Friday, November 30, 2012

Non-US Focused Air Travel Search and Safety

The better known travel sites, such as Expedia, Travelocity and Kayak, all favor U.S. airlines. But there is a world of other airlines out there, many of them offering seats at a lower price and perhaps a better itinerary (such as non-stop). I discovered this big time when I was researching a flight from the U.S. to Istanbul, then flying to Bucharest and flying home from Budapest. The airfare was exhorbitant.

So I eliminated the Istanbul to Bucharest leg and the airfare dropped by more than half. Using a search site that did not favor U.S. airlines, I found an Istanbul to Bucharest flight for $50.

A word of warning though. Long haul flights on major international airlines are typically not a problem, but small airlines are another issue. A friend recently flew on an Iberia partner (VUELING which, she says, aptly rhymes with gruelin') from Lyon to Barcelona and her knees (she is 5'2") were up against the back of the seat in front of her. But a more important issue is airline safety.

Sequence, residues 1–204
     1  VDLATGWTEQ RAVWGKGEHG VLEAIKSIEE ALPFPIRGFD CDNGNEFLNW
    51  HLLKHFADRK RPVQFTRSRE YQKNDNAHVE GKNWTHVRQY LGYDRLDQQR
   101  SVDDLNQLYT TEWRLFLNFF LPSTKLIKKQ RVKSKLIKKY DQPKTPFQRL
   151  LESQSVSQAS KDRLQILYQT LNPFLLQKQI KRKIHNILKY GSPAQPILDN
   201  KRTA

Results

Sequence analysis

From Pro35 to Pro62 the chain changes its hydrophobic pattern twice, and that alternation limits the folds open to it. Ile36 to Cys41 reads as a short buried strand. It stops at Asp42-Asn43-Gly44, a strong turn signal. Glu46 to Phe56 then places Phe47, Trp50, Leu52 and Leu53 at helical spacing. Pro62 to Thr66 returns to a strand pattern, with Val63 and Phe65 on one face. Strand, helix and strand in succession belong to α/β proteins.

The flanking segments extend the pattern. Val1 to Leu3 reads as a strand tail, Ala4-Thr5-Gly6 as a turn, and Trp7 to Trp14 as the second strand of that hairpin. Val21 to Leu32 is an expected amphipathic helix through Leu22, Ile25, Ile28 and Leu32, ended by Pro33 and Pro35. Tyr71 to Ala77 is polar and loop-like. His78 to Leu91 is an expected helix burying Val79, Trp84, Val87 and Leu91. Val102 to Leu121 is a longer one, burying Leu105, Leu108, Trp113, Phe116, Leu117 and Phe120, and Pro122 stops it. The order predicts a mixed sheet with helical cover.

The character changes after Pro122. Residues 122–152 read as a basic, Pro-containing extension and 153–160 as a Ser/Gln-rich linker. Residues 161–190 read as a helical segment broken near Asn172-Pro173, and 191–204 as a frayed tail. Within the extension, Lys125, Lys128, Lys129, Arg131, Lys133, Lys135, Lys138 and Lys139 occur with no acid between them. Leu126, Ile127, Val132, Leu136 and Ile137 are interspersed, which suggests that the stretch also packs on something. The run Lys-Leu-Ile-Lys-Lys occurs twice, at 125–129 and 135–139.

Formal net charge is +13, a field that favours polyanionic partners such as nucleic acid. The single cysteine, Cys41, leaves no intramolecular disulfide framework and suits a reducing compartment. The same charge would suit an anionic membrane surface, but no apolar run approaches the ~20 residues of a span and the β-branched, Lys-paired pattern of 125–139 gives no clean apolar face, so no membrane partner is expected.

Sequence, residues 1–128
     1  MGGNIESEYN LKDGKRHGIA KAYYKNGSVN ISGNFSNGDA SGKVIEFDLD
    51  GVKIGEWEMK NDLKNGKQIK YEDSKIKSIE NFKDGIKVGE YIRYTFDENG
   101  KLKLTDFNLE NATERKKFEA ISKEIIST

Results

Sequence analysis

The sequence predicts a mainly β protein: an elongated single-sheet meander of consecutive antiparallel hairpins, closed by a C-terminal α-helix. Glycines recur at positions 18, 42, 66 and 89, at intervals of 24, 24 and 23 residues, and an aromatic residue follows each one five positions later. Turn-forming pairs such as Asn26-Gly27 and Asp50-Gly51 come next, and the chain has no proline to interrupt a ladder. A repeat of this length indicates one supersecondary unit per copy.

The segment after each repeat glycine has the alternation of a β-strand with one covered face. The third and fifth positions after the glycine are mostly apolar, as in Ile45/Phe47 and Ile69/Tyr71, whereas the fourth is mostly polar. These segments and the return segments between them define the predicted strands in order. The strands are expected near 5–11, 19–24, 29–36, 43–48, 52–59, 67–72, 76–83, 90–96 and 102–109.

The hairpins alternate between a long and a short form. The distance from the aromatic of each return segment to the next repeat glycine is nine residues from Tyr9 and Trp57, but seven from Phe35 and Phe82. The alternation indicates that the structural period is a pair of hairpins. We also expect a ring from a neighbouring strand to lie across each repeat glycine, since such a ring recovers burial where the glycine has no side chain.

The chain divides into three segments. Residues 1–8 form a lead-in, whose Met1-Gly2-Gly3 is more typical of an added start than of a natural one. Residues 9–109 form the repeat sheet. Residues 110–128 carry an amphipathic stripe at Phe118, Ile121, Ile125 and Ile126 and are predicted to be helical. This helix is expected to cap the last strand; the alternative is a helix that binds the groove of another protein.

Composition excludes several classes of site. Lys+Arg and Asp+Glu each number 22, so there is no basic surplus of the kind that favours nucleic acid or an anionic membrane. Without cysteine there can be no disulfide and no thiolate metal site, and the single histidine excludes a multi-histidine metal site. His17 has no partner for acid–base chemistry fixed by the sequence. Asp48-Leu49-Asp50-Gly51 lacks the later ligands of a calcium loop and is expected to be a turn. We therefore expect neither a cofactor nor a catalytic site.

According to this article from the Wall Street Journal, it is difficult for travelers to check airline safety when buying tickets. The European Union publishes a list of airlines that are not allowed to fly into the EU (most are African). The FAA publishes an Excel spreadsheet listing airlines that meet its International Aviation Safety Assessment Program but this only applies to airlines that fly into the U.S.

All that said, some excellent sites for researching air travel by non-U.S. airlines -- recommended by readers of International Travel News -- are:


ITA Matrix - site doesn't sell tickets but it shows flights and info

Air Treks -  according to an ITN reader, particularly useful for multiple city long-haul travel


Sky Scanner - checks several airfare selling sites

A final hint: Want to know what airlines fly into and out of a specific airport? You will probably find that information at the airport's web site.

by: diane robbins

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